College Physics (4th Edition)

Published by McGraw-Hill Education
ISBN 10: 0073512141
ISBN 13: 978-0-07351-214-3

Chapter 13 - Problems - Page 498: 34


There are $1.76\times 10^{23}$ carbon atoms per $cm^3$

Work Step by Step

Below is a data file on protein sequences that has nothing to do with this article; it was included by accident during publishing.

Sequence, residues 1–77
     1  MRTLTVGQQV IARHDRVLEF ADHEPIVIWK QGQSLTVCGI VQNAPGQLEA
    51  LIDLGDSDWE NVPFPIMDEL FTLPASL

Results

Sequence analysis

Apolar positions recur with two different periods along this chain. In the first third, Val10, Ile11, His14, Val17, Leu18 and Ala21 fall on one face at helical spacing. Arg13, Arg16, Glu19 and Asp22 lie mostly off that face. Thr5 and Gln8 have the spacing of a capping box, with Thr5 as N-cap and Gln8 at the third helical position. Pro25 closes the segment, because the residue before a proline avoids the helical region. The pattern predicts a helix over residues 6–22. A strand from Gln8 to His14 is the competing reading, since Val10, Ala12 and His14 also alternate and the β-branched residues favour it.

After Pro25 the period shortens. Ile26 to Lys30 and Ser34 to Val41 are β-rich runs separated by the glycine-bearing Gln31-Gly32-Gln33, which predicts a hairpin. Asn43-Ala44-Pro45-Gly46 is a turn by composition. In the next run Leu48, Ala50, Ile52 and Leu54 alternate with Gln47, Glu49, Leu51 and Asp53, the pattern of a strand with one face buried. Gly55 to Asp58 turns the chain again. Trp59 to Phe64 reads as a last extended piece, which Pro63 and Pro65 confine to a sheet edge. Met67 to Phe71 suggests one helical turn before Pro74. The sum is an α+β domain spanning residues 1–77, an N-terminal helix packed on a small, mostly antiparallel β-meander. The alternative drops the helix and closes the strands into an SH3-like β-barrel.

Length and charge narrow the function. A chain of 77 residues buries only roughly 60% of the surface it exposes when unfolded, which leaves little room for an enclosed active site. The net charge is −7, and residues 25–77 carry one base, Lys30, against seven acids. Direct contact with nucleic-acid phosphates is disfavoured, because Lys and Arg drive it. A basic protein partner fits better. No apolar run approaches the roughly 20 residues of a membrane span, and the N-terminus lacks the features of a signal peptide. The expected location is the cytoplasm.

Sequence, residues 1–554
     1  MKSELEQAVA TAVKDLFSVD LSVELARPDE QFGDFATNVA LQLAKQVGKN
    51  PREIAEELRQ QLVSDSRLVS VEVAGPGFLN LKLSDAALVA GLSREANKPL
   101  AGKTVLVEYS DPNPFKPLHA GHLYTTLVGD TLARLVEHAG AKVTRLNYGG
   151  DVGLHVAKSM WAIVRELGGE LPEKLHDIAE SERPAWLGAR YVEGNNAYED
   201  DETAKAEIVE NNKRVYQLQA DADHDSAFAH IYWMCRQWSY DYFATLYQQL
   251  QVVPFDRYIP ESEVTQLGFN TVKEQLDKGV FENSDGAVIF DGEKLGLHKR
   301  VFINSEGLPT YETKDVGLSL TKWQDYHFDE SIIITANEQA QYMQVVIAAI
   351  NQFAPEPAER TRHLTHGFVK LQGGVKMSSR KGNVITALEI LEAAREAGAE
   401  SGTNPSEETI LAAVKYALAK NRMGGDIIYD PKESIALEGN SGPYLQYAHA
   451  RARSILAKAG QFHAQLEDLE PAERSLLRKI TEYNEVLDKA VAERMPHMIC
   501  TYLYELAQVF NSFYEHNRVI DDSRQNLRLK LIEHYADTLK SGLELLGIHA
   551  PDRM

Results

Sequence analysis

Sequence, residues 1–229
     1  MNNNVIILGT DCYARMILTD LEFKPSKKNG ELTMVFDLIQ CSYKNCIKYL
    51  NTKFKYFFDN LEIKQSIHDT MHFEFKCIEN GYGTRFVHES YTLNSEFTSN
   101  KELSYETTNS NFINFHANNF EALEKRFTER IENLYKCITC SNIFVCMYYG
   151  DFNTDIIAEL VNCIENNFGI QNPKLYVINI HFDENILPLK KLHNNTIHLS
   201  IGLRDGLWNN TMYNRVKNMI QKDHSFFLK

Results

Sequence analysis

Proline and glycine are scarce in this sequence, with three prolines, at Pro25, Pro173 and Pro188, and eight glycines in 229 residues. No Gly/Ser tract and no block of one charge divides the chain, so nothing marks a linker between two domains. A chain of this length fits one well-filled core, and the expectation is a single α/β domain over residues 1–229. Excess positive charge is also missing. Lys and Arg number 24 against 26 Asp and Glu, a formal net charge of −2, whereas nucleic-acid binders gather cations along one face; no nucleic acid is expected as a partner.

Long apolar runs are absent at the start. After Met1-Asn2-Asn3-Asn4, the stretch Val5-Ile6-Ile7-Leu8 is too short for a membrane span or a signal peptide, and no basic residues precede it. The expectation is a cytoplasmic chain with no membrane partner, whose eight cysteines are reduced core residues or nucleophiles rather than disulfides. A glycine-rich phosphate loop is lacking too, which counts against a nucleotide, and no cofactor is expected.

A carbon atom consists of 6 protons and 6 neutrons. The mass of one atom of carbon is $12~u$ We can find the mass of one carbon atom: $m = (12~u)(1.66\times 10^{-27}~kg/u) = 1.99\times 10^{-26}~kg$ We can find the mass of carbon per $cm^3$: $m_c = 3500~kg/m^3\times \frac{1~m^3}{10^6~cm^3} = 3.5\times 10^{-3}~kg/cm^3$ We can find the number of carbon atoms per $cm^3$: $\frac{3.5\times 10^{-3}~kg/cm^3}{1.99\times 10^{-26}~kg/atom} = 1.76\times 10^{23}~atoms/cm^3$ There are $1.76\times 10^{23}$ carbon atoms per $cm^3$.
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